Animating in Spine is done by setting "keys". Keys define the start and end times and values of a transition. For any time between the keys, the value is interpolated. The art of animating a skeleton comes down to the poses defined by the keys and the times for the keys on the timeline.
Before keys can be set, be sure you are in animate mode and that you have an animation active by setting its visibility dot in the tree view, or by selecting it in the animations view.
A new animation can be created by selecting the
Animations node in the tree and clicking
Animations can be organized into folders. To create a folder, select an animation and click
Folder. Animations can be moved between folders by dragging them.
In exported skeleton data, folder names are prepended to the animation name to create the final name used in the Spine Runtimes. For example, if the folder
emotes has an animation
wave, then the animation name at runtime is
In animate mode, the skeleton's pose comes from the current timeline position and the animation's keys. The timeline is shown on the graph, dopesheet, timeline, and audio views.
If you can't find the key causing the orange vertical line at the end of the animation, likely it is a deform key for a skin attachment or a bone is hidden. Check
Show all skin attachments in the tree settings or press
cmd+H on Mac) for
Show All Bones/Slots.
Once keys are set they will appear below the timeline in the graph or dopesheet views. Orange diamonds on the timeline indicate which frames have at least one key. An orange vertical line marks the key with the highest frame, which determines the animation's duration.
Similar to panning in the viewport, dragging with the right mouse button pans the timeline left and right or up and down.
Scrolling the mouse wheel over the timeline zooms the timeline in or out. The zoom slider at the bottom left of the dopesheet indicates the current zoom level and can be dragged. To the right of the zoom slider is the
Zoom Keys button that zooms the timeline so all keys are visible.
The timeline position is indicated by a cyan vertical line. The timeline position can be set by left clicking or dragging. Dragging in the timeline is called "scrubbing" and is a quick way to see how the skeleton's pose changes over time. Hold
shift to disable frame snapping (see Frames below).
When repeat is enabled and the timeline is scrubbed past the last frame, the position will loop back to the first frame, but only if the scrubbing started before the last frame. This allows scrubbing to be used on a looping animation. If this behavior is not desired then either begin scrubbing after the last frame or disable repeat.
The timeline is divided into units of time called "frames". Frames make it easier to choose a discrete position in time and to set multiple keys at the exact same time. By default the timeline uses 30 frames per second, but this can be changed in the playback view.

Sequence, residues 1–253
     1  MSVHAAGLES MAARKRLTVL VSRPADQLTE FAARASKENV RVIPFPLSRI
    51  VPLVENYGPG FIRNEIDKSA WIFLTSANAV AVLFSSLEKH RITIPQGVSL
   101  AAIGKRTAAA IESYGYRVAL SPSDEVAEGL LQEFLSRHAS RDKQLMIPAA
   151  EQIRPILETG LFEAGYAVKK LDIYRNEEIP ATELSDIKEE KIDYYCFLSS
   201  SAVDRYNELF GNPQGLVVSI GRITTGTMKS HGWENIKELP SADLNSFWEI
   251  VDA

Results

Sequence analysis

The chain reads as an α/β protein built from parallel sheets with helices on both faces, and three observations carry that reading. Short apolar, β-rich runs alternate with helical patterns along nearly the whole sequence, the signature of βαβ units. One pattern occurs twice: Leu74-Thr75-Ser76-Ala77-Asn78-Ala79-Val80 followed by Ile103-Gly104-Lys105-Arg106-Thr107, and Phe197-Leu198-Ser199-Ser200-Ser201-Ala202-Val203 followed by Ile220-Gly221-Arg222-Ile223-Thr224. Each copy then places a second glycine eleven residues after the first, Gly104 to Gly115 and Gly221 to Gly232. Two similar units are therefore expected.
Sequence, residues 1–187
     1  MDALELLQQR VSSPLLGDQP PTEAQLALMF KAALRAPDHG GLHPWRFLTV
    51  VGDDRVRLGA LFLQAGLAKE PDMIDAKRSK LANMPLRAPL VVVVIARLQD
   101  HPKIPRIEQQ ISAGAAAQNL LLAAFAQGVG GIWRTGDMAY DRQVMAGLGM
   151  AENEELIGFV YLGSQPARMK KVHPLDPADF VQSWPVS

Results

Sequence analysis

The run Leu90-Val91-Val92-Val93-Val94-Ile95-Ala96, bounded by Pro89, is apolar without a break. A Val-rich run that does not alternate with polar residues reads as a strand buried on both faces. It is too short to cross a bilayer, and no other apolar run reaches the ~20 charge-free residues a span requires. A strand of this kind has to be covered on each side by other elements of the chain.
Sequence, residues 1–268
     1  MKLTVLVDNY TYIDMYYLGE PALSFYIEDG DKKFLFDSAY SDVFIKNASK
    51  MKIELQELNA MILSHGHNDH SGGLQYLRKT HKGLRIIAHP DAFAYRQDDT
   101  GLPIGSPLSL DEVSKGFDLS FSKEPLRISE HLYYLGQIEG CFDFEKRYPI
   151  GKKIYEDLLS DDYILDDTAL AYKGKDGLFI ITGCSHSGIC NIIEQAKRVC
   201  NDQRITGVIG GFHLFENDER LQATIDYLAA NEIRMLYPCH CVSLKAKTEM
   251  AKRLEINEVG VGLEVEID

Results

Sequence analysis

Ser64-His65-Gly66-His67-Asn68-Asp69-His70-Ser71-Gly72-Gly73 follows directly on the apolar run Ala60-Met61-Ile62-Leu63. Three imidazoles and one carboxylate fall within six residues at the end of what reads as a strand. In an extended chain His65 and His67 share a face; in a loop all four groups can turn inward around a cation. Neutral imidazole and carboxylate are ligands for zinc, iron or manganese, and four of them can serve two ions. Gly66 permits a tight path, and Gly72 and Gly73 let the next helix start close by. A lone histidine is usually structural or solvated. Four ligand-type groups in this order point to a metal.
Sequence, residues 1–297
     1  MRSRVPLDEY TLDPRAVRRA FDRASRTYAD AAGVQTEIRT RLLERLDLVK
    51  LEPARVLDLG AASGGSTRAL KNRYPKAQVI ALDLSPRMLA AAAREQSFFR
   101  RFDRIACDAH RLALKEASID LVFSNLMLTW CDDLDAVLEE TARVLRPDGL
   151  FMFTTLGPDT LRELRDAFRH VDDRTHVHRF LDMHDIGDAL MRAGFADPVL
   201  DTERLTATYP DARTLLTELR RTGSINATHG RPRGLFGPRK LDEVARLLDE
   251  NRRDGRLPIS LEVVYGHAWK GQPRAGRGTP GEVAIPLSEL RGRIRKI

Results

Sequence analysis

Sometimes an animation looks good on every frame, but during playback the interpolation between frames is undesirable.
Frames exist only for convenience. During playback the timeline position moves between frames (unless interpolation is disabled). Playback can be done at a higher or lower frame rate than the timeline shows.
shift when clicking or scrubbing the timeline to disable frame snapping and set the timeline position between frames. This allows you to see the animation interpolate smoothly, as it does when played, and to set keys between frames, if needed.
Fractional frames can also be used for a very short transition. For example, a bone could have a translate key on frame 15, then another key on frame 15.01.
When disabled, playback continues past the end of the animation.
When enabled, playback starts over at frame 0 when it reaches the the highest frame that has a key. When multiple skeletons have an active animation, the highest frame with a key out of all of them is used.
Repeat is stored per animation, but it is not exported in JSON or binary data.
When unkeyed changes are lost by setting a new timeline position, they can be recovered at the new timeline position using undo. This is helpful if the changes were initially made on the wrong frame.
If there is a change to redo when the timeline position changed, then the pose cannot be recovered this way.
When auto key is not enabled and changes are made to a skeleton in animate mode, they are not automatically stored in the animation as keys. If the timeline position is changed, the unkeyed changes are lost. To keep the changes, they need to be keyed by clicking the key button for each property that was changed. Alternatively, the
Key Edited hotkey can be used to key all changed properties by pressing